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Last Updated: Wednesday, 9 April, 2003, 11:49 GMT 12:49 UK
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Endangered animal clone produced
Africa Americas Asia-Pacific Europe Middle EastSouth Asia UK Business Health Science/Nature Technology Entertainment ----------------Have Your Say ----------------Country Profiles In Depth ----------------Programmes ----------------RELATED SITESScientists say they have created a "healthy" clone of an endangered species. The baby banteng - a type of wild cattle found in south-east Asia - was born a week ago and appears to be normal. Thescientists involved say it proves that cloning does have a part to play in preserving species which may soon be extinct.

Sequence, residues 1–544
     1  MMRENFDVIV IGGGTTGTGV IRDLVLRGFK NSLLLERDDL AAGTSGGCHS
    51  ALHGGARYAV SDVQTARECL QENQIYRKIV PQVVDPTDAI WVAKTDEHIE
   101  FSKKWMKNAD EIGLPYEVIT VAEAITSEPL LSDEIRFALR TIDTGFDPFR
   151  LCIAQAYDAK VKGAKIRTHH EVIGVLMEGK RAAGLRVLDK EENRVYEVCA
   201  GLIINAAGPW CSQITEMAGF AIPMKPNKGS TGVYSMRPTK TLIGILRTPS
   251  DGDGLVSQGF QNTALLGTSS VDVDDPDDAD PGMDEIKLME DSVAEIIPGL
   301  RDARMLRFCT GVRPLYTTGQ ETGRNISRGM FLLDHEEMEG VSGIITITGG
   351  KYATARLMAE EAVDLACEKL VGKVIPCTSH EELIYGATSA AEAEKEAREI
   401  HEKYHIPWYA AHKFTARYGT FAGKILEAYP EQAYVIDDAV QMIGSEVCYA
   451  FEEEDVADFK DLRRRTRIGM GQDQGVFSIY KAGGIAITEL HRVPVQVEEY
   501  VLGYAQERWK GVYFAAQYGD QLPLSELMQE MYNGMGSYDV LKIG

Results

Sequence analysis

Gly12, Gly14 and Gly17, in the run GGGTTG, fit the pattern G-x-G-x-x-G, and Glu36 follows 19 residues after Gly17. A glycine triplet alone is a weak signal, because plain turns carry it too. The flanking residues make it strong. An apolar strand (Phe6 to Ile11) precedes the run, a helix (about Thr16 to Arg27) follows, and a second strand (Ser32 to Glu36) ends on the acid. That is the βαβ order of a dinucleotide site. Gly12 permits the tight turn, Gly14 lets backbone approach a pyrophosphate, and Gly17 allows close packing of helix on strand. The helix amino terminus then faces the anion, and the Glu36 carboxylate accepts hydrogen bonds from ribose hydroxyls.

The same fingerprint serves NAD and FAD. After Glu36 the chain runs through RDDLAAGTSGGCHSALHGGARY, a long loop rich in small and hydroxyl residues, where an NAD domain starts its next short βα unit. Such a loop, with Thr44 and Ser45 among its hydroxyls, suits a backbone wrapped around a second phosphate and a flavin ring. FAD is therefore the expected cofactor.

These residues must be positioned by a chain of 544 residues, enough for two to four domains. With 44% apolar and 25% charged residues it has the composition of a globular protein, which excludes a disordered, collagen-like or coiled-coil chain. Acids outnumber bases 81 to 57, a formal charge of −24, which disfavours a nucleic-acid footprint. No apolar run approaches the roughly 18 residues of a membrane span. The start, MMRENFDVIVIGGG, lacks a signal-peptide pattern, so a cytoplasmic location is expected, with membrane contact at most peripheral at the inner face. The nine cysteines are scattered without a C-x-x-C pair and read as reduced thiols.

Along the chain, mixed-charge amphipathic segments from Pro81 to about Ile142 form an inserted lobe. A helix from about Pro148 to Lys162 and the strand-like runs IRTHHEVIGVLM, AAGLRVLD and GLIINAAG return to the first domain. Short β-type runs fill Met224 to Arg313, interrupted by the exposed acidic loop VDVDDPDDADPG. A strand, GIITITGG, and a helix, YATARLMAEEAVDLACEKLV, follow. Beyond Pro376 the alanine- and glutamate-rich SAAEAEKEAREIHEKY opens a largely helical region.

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The surviving banteng seems to be thriving
But others are still highly dubious, arguing that preservation ofdiminishing habitats would be a more effective way to approach the problem. 'Surrogate mothers' Scientists from Advanced Cell Technology, in Worcester, Massachusetts, US, created the clone using DNAfrom frozen banteng cells kept by San Diego Wild Animal Park. The researchers inserted this DNA into eggs from ordinary domestic cows, and also used cows as "surrogate mothers" to carry the embryos toterm. From 30 embryos created, two calves were born. One was abnormal and was put down, but the scientists in charge say the other seems to be thriving. This is not the first attempt to cloneendangered animals using domestic species. Two years ago a gaur, a type of wild ox, was cloned by ACT, but it died within a couple of days.
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